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However, the anime doesn’t just stop with the authoritarians vs. the libertarians. It also explores the concept of being a libertine and the pitfalls therein. While a libertarian is fine with limited guardrails, a libertine wants none. A libertine wants the freedom to do anything their heart desires, no matter how decadent. All that matters is their personal pleasure. This is primarily depicted in how Seconds are used on Mars. Men achieve all of their fantasies via Seconds, but to what end?

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Another element looked at in the OVA series is the ugliness of politics. Mars may have been founded on personal liberty and freedom. However, the promise of Earth allowing women to migrate to Mars was all it took for the Martian leadership to cave to the Earth demands. Thus, Mars government is helping to commit genocide against Thirds. But it also reflects how even though Thirds were changed to bare children to the men of Mars, those in charge valued human women over Thirds. I’ll talk more about prejudice in a bit.

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As an aside, when I first watched Armitage III, I couldn’t help but think that the president of Earth was based on Hillary Clinton. Maybe she was. 😅 There was also a nod China and Taiwan’s relationship in how Earth treated the Mars colony.

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The Good: What Makes a Human?

A really interesting component of Armitage III is the question, “What makes a human?” Science fiction has looked at this issue before. I think of the excellent Star Trek: The Next Generation episode “Measure of a Man”. There, the human-appearing android Data goes through a hearing to determine if he is merely a machine or if he is a life form. But I think that Armitage III takes this even further.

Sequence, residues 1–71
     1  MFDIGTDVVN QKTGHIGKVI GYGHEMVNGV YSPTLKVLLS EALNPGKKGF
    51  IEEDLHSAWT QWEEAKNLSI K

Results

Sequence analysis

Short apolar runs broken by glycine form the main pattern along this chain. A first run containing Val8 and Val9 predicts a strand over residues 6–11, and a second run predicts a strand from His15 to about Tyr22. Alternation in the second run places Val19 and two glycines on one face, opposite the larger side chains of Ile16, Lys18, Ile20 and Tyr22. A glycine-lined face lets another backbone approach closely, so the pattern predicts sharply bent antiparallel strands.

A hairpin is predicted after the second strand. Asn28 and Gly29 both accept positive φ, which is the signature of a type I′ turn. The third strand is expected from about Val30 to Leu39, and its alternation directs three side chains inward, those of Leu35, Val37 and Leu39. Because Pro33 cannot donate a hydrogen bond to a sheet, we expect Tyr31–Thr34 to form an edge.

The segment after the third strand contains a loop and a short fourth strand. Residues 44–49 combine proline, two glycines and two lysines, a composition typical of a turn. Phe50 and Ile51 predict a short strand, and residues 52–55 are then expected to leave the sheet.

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In episode 2, one of the executives of a company that produces Seconds, has a female android who looks like Usagi from Sailor Moon, serve him by bending the knee and providing him her other knee-leg to sit on. She looks happily and adoringly at him. And he states that their purpose is to provide robots (androids) to service male fantasies…except for reproduction.

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And that’s where the Thirds come in. Initially, these bioroids were created to be assassins who could perfectly pass as human. But when Earth prevented women from migrating to Mars, to force the leadership there to bend to Earth’s will, Thirds were changed so that they were bioroid women who could give birth. But unlike Seconds, Thirds had unique personalities. They weren’t just male fantasy creations. Their AI was so advanced, they could easily be a human woman and without cutting them open, who would know?

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Through Armitage and the other Thirds, we see that they aren’t just robots. These are living, breathing, thinking entities who can also reproduce with humans. Thus, when it is revealed that Earth wants all Thirds killed, they are basically advocating for genocide as Thirds are a new, humanoid race.

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The Good: A Look at Prejudice

Good science fiction can take a look at hard issues without being preachy, which is something modern writers fail at. As such, Armitage III takes a hard look at prejudice. In this case, it is human prejudice against robots in general. After all, Seconds aren’t just used for male fantasies. They are also replace humans in various jobs. Plus, there’s nothing a well programmed android cannot do better than a human. And outside of the initial costs, plus whatever maintenance costs, they are ultimately cheaper than humans. And they don’t get sick or need time off.

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With this setting, it is understandable that the human population of Mars began having prejudicial feelings for the Seconds and robots in general. How are humans supposed to make a living if robots do almost everything? And that prejudice is exactly what the feminist Earth government helped fire in order to advance their agenda. Thus when D’anclaude reveals to the Martians the existence of Thirds via his videoed and broadcasted executions, it further fuels the prejudicial fires.